[there were] good mornings, when the sun was hot and the air was quick and promising, when the Real Business seemed right on the verge of happening and I felt that if I went just a little faster I might overtake that bright and fleeting thing that was always just ahead.Then came noon and morning withered like a lost dream. The sweat was torture and rest of the day was littered with the dead remains of all those things that might have happened, but couldn’t stand the heat. When the sun got hot enough it burned away all the illusions and I saw the place as it was–cheap, sullen, and garish–nothing good was going to happen here.

Sometimes at dusk, when you were trying to relax and not think about the general stagnation, the Garbage God would gather a handful of those choked off morning hopes and dangle them somewhere just out of reach; they would hang in the breeze and make a sound like delicate glass bells, reminding you of something you never quite got hold of, and never would. (Thompson 1998: 190-191)

This passage illustrates Kemp’s growing resignation to the effusive nature of a desire that promises ever renewed and unique objects. Here again, Thompson departs from his modernist models’ tendency to seek after the newest esthetic experience. As Gans explains, “[t]he disillusion that defines postmodernism is more profound than the mere discovery that newness is not indefinitely cumulative, that the latest style is not guaranteed to be more original than the preceding. The modernists . . . had . . . adopted [the mocked bourgeoisie’s] . . . belief in historical progress” (209). Unlike his modern models, Thompson has his narrator reluctantly and resentfully articulate a desiring-self that is complicit in the market’s redundant production of deferred desire. Accordingly, when Kemp makes plans to visit the objectified Chenault after leaving Puerto Rico (Thompson 1998: 203), the reader must take the view that the central esthetic object will remain both inaccessible and consumable.

Though many of Kemp’s reflections consider the deferral of desire, consumption occupies a large piece of the novel’s narrative. Early on, the possibility of imbibing the essence of Puerto Rico drips from Kemp’s descriptions of his wild nights and days. In one instance, after a night of heavy drinking at local casinos, Kemp goes swimming in the surf and makes love to a stranger on the beach (32-33). This incident foreshadows the role that excessive consumption of alcohol will play in the narrative by increasing the volatile potentiality of scenes involving acquisitive mimesis. Accordingly, Kemp’s description of a carnival on the island of St. Thomas is a riotous portrayal of unbridled consumption. These episodes make a deep impression on the mood of the novel, as in this vivid description:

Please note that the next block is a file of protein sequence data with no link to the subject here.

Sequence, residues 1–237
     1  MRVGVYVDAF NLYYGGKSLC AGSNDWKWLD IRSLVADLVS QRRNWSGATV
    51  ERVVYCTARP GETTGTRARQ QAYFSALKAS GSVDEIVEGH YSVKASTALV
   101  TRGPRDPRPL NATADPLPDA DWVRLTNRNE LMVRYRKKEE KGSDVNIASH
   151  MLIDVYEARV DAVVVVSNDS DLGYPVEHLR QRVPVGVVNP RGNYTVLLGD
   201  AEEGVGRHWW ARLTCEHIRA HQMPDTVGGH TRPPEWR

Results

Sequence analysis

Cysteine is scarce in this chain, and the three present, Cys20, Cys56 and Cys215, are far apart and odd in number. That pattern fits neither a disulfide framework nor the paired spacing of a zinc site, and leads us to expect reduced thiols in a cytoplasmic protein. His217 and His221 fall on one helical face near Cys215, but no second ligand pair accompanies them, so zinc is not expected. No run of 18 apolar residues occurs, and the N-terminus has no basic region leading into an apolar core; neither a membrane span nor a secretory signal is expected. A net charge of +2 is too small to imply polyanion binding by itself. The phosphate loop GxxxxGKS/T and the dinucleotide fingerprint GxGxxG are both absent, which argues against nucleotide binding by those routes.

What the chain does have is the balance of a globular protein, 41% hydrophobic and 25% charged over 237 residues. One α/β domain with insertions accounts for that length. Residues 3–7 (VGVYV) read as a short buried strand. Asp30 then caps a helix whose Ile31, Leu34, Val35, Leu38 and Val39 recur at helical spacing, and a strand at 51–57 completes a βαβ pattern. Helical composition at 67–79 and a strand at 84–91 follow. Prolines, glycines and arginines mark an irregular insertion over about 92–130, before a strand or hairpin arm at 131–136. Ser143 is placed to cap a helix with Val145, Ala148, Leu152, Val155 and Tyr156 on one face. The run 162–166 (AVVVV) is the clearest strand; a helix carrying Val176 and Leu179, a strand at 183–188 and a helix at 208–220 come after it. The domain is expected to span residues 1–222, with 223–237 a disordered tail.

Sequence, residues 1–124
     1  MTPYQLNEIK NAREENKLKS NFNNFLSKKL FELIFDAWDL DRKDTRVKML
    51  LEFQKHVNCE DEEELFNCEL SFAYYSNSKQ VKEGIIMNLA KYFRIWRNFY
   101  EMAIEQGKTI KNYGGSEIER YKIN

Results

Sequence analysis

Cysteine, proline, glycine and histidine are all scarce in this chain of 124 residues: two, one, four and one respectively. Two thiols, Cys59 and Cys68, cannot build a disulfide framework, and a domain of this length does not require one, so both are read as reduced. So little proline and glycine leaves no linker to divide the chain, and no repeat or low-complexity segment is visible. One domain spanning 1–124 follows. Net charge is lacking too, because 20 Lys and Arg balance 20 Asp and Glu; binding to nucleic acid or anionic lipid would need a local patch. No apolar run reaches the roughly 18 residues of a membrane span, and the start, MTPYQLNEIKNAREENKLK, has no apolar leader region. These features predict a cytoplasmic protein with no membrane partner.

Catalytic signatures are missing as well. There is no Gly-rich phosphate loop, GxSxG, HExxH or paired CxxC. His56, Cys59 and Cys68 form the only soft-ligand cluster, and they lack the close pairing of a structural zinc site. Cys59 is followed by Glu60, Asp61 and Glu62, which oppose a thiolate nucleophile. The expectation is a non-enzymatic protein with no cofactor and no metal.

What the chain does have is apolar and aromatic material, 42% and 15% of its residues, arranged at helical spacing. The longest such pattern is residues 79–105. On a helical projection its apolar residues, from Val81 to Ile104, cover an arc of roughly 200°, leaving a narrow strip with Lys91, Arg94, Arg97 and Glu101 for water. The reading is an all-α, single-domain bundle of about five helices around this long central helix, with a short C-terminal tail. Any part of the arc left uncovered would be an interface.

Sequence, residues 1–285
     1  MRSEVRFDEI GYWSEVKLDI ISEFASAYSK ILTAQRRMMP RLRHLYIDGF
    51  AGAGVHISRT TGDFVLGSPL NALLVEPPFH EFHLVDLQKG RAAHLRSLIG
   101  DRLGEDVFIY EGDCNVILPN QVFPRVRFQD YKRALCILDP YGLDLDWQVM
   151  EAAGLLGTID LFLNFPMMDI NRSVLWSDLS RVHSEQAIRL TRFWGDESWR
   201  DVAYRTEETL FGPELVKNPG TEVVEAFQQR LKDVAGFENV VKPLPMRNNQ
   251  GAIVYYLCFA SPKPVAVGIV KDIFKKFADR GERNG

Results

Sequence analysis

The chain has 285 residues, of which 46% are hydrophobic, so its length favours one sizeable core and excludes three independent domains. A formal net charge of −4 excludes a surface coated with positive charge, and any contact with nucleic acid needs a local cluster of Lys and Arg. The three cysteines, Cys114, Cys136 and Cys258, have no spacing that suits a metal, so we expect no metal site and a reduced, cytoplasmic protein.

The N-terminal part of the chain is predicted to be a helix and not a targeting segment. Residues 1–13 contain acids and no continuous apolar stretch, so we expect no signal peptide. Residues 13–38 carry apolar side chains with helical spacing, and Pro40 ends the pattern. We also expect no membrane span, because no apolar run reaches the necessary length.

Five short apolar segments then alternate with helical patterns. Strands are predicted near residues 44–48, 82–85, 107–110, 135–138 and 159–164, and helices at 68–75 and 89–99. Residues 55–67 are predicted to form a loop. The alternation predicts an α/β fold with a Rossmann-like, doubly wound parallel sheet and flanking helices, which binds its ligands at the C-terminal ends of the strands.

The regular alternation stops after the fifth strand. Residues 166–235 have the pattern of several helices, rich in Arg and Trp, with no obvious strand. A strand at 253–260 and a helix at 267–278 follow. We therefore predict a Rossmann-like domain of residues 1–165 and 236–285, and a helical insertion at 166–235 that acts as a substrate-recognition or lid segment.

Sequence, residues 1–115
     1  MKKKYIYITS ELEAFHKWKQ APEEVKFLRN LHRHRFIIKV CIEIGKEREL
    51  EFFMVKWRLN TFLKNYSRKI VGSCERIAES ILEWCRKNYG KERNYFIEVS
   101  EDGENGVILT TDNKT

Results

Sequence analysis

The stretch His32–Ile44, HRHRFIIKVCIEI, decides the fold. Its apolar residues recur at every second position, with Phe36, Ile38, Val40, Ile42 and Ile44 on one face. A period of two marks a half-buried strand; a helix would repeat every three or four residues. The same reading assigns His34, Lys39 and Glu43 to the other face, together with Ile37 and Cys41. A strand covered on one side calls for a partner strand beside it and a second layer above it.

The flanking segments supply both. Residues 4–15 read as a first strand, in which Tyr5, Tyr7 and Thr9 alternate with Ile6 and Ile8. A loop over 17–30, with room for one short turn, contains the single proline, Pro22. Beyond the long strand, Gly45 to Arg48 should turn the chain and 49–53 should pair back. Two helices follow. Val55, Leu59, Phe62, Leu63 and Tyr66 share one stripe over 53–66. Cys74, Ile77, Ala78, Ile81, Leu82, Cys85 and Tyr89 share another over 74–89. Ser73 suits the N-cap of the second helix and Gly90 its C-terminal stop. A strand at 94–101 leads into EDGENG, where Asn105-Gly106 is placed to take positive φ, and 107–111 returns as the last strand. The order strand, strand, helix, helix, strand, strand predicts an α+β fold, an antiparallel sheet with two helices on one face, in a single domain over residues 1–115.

About two hundred people had looted one of the big liquor stores. [. . .] Cases of champagne and scotch lay broken in the street, and everyone I saw had a bottle. They were screaming and dancing, and in the middle of the crowd a giant Swede wearing a blue jock strap was blowing long blasts on a trumpet. (146-147)Thompson’s ability to use absurd details to emphasize the hedonistic decadence of a scenario appears in this passage. The Swedish figure is a centrepiece in a melee of appropriative mimesis. He is clearly one of many drunken revellers and, in this sense, common. Yet, in the modernist style described by Gans, Thompson sets the insignificant Swede up as an esthetic object, which is cast into the “public space of desire” in order to shock his reader’s bourgeois consumerist sensibilities (Gans 129). This stylistic habit resonates most with the scenes of riotous self-indulgence found chronicled in Hemingway and ironically observed in Fitzgerald. Coupled with these episodes of indulgence are Kemp’s aspirations to better his position in economic terms. He reflects with pleasure on the material acquisitions his new success brings him (Thompson 1998: 120-123). These ruminations on acquiring consumer objects undercut Kemp’s view of himself as a bohemian hedonist, which again resonates with the theme of anti-consumerist modernity versus postmodernity’s acceptance of the market’s role (Gans 129). Thus, Thompson’s vision succeeds beyond the modern faith in the perpetual newness of “‘scandalously’ insignificant objects” (129) to the indefinite present of resentment, where communal central objects oscillate between the attainable and the inaccessible.